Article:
Food

Onion Maiden

Most people define the vegan experience through what you put on your plate, but VegFest co-organizer Leila Sleiman says there’s a lot more to it.

“A truly vegan lifestyle actually also encompasses not buying products that test on animals, not wearing animal products and not supporting animals in entertainment,” she said.

looseends / Flickr

It’s part Chopped, part Guy Fieri’s Grocery Games, but with a local and educational twist.

Four students from the Art Institute of Pittsburgh’s culinary program will compete the in the first-ever Farmer’s Market Dash Culinary Challenge at the Green Tree farmer’s market Thursday afternoon.

Courtesy Sustainable Pittsburgh Restaurants

Pittsburgh restaurant owners, chefs and farmers have teamed with Sustainable Pittsburgh to launch the Sustainable Pittsburgh Restaurant program, which recognizes southwestern PA restaurants for their efforts in operating energy efficient and socially responsible establishments, especially as the city’s eateries garner increasing national attention.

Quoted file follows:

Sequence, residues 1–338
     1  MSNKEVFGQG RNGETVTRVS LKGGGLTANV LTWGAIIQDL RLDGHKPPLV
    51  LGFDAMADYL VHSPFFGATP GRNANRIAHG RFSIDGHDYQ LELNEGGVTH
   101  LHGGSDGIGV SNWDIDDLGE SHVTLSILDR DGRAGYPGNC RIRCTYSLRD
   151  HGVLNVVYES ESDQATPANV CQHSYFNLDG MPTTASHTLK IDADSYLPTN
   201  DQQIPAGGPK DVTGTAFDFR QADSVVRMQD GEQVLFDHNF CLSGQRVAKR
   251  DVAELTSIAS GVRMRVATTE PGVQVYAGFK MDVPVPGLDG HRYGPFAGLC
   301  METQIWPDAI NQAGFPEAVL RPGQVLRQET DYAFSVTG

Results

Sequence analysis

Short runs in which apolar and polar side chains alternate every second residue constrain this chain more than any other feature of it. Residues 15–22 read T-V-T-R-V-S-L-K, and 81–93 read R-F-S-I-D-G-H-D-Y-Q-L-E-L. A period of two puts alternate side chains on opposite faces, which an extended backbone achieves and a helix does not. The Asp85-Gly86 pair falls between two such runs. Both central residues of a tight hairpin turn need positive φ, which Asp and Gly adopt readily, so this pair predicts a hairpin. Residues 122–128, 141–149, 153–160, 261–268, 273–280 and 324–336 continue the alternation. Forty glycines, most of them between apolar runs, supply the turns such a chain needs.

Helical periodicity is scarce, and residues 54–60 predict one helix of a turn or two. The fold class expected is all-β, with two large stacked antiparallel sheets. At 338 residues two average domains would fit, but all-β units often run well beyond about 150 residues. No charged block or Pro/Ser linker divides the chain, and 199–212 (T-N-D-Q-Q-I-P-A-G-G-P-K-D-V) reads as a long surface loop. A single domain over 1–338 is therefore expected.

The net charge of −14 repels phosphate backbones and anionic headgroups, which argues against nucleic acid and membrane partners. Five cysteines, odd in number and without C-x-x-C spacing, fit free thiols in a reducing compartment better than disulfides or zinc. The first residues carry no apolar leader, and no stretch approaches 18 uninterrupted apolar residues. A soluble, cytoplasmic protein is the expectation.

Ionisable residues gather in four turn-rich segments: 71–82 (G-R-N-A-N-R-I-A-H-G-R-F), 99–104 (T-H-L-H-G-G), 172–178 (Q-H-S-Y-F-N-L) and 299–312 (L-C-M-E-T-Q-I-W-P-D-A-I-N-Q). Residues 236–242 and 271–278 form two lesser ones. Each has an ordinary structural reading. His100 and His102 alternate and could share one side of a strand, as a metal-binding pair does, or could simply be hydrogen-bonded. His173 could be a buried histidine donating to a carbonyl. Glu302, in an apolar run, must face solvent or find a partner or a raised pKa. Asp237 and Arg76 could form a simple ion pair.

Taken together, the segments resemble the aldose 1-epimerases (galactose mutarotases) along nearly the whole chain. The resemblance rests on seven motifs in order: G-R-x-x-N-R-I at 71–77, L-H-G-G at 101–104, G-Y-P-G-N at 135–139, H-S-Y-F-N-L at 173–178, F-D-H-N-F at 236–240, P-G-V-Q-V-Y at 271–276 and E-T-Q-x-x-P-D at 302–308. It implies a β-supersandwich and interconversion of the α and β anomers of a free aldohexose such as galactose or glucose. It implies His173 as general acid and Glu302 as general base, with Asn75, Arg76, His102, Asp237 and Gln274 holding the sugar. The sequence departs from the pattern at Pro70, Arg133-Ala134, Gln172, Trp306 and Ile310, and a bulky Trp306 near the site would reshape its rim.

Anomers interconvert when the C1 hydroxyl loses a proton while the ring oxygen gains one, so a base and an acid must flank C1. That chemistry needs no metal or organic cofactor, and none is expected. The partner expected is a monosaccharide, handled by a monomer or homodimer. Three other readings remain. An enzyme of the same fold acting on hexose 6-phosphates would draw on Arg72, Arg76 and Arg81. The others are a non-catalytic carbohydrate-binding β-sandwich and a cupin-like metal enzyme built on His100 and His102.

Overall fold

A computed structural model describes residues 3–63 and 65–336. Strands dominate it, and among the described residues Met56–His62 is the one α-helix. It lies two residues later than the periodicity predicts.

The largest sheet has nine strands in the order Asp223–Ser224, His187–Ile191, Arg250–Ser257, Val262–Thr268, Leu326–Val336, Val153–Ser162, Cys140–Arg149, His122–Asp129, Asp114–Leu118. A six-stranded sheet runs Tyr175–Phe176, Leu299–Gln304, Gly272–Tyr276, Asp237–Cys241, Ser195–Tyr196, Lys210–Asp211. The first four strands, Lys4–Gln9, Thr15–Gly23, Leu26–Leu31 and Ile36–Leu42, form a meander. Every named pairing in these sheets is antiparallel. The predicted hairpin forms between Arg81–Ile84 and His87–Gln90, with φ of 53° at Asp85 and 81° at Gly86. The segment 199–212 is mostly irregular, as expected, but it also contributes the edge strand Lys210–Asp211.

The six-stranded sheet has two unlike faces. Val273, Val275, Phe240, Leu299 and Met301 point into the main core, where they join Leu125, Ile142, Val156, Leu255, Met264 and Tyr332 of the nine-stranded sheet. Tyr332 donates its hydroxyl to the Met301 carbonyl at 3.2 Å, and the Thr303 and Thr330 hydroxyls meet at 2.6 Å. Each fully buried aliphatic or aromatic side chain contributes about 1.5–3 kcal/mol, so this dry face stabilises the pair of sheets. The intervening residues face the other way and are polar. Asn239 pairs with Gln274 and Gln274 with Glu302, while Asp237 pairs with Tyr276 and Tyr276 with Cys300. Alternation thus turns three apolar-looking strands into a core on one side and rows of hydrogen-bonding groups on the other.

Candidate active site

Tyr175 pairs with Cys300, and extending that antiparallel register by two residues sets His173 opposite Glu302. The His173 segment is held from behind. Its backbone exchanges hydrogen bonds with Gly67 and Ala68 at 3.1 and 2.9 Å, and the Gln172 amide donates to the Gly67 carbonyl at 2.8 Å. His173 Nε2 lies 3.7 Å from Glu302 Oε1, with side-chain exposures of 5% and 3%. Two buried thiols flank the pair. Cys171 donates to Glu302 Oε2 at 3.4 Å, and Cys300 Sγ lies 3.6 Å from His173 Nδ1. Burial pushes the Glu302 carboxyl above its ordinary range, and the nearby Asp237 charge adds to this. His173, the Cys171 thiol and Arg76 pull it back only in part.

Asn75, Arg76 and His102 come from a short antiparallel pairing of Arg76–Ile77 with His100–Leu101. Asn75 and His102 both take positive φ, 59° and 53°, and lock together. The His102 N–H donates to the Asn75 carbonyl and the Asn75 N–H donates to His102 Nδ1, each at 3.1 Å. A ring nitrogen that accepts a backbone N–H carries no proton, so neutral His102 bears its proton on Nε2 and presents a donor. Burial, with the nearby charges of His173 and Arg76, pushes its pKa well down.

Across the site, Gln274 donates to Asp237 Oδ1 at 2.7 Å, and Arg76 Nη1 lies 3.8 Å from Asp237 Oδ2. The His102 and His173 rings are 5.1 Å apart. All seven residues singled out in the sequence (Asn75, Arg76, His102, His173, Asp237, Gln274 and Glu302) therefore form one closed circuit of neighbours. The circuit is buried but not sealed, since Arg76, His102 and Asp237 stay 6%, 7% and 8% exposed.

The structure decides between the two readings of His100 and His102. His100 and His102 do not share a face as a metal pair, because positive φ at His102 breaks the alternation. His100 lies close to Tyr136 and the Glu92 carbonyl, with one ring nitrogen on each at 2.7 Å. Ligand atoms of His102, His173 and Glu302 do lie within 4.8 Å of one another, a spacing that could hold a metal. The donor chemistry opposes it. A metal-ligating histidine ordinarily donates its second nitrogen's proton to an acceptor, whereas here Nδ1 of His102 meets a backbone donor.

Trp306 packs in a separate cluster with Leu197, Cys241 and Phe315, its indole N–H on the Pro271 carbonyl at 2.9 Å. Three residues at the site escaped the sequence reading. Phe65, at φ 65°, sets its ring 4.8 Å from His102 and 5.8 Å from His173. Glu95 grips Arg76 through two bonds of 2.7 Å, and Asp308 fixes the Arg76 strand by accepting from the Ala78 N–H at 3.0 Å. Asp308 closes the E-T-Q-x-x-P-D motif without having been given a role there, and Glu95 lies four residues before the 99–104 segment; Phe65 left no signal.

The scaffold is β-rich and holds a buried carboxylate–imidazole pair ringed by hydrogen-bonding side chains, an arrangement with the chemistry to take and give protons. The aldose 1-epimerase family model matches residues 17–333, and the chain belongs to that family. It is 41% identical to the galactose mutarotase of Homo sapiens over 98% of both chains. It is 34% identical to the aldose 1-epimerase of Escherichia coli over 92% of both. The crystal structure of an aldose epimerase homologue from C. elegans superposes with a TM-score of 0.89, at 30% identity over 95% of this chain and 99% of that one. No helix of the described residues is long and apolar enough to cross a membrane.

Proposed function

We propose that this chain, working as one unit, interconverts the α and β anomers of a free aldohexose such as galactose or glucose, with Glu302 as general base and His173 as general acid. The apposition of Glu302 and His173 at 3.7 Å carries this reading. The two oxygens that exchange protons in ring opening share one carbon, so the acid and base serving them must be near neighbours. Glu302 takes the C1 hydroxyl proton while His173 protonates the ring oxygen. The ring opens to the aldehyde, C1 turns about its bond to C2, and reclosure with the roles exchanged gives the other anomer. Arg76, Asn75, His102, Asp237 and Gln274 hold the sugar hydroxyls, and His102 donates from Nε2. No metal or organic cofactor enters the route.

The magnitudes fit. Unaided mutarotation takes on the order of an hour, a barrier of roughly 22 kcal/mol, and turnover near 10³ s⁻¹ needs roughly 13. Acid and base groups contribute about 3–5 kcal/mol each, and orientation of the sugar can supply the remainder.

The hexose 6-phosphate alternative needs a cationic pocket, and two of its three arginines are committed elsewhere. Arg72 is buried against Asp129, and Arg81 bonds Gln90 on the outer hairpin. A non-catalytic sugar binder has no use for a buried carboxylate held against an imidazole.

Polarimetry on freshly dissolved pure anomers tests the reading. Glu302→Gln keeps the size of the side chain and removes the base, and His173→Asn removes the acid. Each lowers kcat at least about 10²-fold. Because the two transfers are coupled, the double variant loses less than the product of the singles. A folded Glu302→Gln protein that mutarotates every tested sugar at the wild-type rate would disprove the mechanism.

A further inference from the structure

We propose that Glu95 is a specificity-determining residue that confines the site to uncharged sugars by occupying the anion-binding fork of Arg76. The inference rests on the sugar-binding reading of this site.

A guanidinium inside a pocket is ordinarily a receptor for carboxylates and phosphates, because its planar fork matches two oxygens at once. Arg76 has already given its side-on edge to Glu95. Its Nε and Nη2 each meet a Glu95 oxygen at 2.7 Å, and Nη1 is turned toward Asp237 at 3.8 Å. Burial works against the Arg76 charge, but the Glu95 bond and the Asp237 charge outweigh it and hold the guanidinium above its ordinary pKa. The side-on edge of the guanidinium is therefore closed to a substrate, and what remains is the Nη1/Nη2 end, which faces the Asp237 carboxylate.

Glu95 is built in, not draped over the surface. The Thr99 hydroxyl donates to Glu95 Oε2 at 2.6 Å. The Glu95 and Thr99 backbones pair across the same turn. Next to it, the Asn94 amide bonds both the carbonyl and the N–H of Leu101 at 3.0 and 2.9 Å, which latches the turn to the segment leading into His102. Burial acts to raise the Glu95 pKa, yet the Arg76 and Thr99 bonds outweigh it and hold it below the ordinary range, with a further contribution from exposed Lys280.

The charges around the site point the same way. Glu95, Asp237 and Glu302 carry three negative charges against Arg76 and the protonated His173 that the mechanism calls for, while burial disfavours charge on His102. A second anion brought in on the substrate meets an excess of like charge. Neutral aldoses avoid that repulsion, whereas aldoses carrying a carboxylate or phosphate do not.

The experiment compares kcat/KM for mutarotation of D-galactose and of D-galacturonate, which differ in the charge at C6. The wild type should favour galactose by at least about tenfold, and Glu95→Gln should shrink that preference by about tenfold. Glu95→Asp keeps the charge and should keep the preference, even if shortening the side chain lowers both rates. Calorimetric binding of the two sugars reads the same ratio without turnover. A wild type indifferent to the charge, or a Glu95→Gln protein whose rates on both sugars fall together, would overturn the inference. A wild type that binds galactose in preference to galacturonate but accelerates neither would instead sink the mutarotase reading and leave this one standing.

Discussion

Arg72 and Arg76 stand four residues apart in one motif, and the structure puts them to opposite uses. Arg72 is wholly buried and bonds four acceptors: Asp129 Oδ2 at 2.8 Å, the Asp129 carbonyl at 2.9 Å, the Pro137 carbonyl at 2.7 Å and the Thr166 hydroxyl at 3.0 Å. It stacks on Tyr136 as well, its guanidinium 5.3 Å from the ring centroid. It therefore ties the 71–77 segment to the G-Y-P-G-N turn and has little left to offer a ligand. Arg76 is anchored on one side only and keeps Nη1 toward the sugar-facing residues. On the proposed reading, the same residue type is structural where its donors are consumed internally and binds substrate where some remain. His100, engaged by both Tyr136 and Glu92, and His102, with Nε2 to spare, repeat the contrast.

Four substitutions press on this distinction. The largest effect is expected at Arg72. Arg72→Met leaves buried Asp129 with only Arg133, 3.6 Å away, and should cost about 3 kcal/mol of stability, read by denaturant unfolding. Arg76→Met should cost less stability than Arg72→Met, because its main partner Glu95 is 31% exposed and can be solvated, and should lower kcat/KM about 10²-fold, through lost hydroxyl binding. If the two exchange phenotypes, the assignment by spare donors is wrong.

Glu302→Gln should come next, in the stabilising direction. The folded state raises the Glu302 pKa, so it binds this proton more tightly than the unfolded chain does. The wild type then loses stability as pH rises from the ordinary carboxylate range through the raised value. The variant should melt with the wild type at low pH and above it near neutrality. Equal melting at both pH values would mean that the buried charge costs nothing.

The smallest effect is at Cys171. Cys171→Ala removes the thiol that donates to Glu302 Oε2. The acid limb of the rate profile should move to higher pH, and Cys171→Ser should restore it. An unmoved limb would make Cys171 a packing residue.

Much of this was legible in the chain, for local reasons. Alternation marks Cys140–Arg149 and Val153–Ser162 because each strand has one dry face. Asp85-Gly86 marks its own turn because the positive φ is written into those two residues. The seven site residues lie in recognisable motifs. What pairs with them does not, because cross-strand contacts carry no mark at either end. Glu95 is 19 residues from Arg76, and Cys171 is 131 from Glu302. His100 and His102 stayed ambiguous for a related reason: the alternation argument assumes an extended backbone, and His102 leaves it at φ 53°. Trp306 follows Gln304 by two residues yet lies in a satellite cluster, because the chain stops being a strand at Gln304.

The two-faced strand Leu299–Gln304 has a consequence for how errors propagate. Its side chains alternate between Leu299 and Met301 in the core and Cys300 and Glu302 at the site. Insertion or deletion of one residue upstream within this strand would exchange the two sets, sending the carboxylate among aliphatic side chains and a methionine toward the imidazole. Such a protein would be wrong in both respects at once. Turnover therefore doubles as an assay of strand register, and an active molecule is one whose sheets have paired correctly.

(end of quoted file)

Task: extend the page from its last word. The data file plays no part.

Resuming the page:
British-American Connections Pittsburgh

  Dust off your finest tea service. Queen Elizabeth II will become Great Britain's longest reigning monarch Sept. 9, and Pittsburgh's never been one to snub a good soiree.

“Britsburgh: A Festival of Britain in Pittsburgh” runs through Sept. 14 featuring a variety of food, drinks, music and activities from across the pond.

Festivals, Food and Fun: Social Club June 5

Jun 4, 2015

This jam-packed weekend begins with First Fridays at the Frick. Feel free to bring friends, family and even food to this free event, which begins with live music at 7PM in Frick Park.

The Three Rivers Arts Festival opens this Friday with food trucks, art and free entertainment. The event starts Friday at noon but runs all day and continues until June 14.

Larkin Page-Jacobs / 90.5 WESA

Eating can be mundane. Throwing another item in the grocery cart, ordering the same dish at your go-to restaurant or grabbing something from the fridge. It’s all apart of the routine. But it doesn’t have to be.

In this installment of On the House, food writer and teacher Jessica Server tells Larkin Page-Jacobs about using food as a conduit for mindfulness, exploration and reflection.